What we have with the advent of technologies like the blockchain and its derivatives is an opportunity to reinvent the very structure of our financial system. The balance of power. The centralised nature. Not just to eliminate friction but to embed greater fairness.
This might sound like socialist moralising but really it should appeal to anyone of an entrepreneurial nature. By lowering friction but also redistributing power we can create a much more open marketplace. New platforms for innovation but also lower barriers to raising money, and collecting it from customers. Simpler access to new markets, nationally and internationally.
I am hugely hopeful that our financial system two decades from now looks radically different to how it does today. More open. More distributed. Lower cost and lower friction.
Will that come from individual innovations? Or does it require someone with a larger vision?
I’m not sure.
So I remain hopeful, but cautious.
Last week I was the target of the infamous ‘Windows tech support’ scam. It wasn’t the first time.
If you’re not familiar with this hustle, it typically starts with a call on your landline from an Indian call centre. The person at the other end tells you they are from Microsoft and that they have been monitoring your PC, and that it is infected with a virus of some description. In order to convince you they then walk you through opening up the Event Viewer, an administration tool, in order to show you a series of errors and warnings.
In reality these errors and warnings are completely harmless, but many people are convinced and subsequently talked into installing a remote access tool which then provides the scammers with access to their PC for real, ostensibly so that they can ‘fix’ the problem.
From there it’s all down hill: charges, extortion, malware etc.
Now I knew it was a scam from the start. Even if I’d never read about the scam before I got the first call, I would have known it for what it was.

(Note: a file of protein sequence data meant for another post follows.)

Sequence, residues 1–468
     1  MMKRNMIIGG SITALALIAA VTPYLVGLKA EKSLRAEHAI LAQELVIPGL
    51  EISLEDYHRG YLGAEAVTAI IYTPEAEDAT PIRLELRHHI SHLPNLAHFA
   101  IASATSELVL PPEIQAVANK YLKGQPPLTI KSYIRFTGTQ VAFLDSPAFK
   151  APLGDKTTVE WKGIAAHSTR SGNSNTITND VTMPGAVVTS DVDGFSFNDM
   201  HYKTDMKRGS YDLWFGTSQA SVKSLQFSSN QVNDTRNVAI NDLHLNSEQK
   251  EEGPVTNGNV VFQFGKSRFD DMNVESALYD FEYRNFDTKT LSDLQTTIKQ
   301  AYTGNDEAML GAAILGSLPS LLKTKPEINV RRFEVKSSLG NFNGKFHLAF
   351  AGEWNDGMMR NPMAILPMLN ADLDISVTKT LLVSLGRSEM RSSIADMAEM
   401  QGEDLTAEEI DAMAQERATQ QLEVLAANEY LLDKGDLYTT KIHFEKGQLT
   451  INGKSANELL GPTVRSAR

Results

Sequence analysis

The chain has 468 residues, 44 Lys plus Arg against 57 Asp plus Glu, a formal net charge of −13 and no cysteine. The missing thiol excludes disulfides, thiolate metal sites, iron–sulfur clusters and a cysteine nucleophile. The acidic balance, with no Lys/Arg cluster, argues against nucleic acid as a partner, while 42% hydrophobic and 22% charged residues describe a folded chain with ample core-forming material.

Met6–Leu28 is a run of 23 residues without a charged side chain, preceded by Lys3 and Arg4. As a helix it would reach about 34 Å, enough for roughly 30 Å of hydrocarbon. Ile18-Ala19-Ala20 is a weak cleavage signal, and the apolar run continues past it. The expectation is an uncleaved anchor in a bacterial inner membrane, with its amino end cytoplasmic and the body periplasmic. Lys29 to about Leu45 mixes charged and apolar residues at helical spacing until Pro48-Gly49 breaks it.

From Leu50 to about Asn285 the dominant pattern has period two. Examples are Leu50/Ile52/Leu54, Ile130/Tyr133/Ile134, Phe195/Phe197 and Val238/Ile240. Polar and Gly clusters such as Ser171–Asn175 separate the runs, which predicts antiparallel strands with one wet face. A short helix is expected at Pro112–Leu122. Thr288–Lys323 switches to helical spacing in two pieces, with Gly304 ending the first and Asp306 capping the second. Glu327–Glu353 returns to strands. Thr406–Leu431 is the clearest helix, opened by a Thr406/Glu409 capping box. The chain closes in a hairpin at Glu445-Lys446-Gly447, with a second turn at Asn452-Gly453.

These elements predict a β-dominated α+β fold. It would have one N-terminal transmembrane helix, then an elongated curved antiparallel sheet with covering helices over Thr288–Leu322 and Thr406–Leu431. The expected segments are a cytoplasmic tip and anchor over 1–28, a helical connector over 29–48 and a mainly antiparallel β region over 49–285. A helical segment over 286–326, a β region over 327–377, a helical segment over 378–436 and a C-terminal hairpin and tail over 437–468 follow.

You could say it’s just down to experience. That technology has been a major part of my career and even before that I was mucking around with machines from a very early age. I understood what I was being shown and what it meant.
But actually the understanding that this was a scam came much earlier in the call than the point at which the caller directed me to the event log. I knew the moment they said they were from Microsoft and that they had been monitoring my machine.
A few things gave it away. The terrible quality of the phone line for one. But even more than that, I knew Microsoft would not be monitoring my machine in this way. I knew they couldn’t staff a call centre with people to remotely monitor and manage users problems without some explicit contract. Both to address the cost of doing so, and the privacy issues it would raise.
None of this was particularly conscious. It was just that my sceptical spider-sense started buzzing.
I don’t think this instinctive scepticism is solely the domain of the geeky. I believe it can probably be taught. And doing so is one of the key parts of solving some of technology’s major security challenges.
Most of the security threats that we face, at home or at work, still require some form of human co-operation, willing or unwilling. Clicking on a dodgy email or link. Installing an insufficiently-checked app.
A healthier level of trained scepticism would prevent much of this behaviour.
How do we teach scepticism like this? I’ll cover that in my next post.